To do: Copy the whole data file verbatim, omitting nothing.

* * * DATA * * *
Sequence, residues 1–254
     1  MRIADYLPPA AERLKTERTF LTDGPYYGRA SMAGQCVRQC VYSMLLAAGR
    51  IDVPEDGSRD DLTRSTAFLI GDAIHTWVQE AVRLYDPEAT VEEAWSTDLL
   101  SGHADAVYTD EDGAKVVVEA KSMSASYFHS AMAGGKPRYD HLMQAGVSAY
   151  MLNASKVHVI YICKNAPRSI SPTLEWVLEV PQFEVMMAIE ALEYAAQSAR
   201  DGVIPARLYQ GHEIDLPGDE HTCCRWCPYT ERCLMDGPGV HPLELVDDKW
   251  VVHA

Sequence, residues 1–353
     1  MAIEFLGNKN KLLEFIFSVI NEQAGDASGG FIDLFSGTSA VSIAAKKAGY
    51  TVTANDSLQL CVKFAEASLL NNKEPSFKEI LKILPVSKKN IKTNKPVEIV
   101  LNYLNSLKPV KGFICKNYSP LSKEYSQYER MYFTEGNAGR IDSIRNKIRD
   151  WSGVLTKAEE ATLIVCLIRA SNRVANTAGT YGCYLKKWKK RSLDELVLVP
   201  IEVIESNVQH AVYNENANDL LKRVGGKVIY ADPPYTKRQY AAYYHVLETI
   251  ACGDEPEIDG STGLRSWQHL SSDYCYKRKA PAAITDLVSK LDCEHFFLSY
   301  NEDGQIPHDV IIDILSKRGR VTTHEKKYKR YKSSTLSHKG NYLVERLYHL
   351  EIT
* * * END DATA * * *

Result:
Sequence, residues 1–254
     1  MRIADYLPPA AERLKTERTF LTDGPYYGRA SMAGQCVRQC VYSMLLAAGR
    51  IDVPEDGSRD DLTRSTAFLI GDAIHTWVQE AVRLYDPEAT VEEAWSTDLL
   101  SGHADAVYTD EDGAKVVVEA KSMSASYFHS AMAGGKPRYD HLMQAGVSAY
   151  MLNASKVHVI YICKNAPRSI SPTLEWVLEV PQFEVMMAIE ALEYAAQSAR
   201  DGVIPARLYQ GHEIDLPGDE HTCCRWCPYT ERCLMDGPGV HPLELVDDKW
   251  VVHA

Sequence, residues 1–353
     1  MAIEFLGNKN KLLEFIFSVI NEQAGDASGG FIDLFSGTSA VSIAAKKAGY
    51  TVTANDSLQL CVKFAEASLL NNKEPSFKEI LKILPVSKKN IKTNKPVEIV
   101  LNYLNSLKPV KGFICKNYSP LSKEYSQYER MYFTEGNAGR IDSIRNKIRD
   151  WSGVLTKAEE ATLIVCLIRA SNRVANTAGT YGCYLKKWKK RSLDELVLVP
   201  IEVIESNVQH AVYNENANDL LKRVGGKVIY ADPPYTKRQY AAYYHVLETI
   251  ACGDEPEIDG STGLRSWQHL SSDYCYKRKA PAAITDLVSK LDCEHFFLSY
   301  NEDGQIPHDV IIDILSKRGR VTTHEKKYKR YKSSTLSHKG NYLVERLYHL
   351  EIT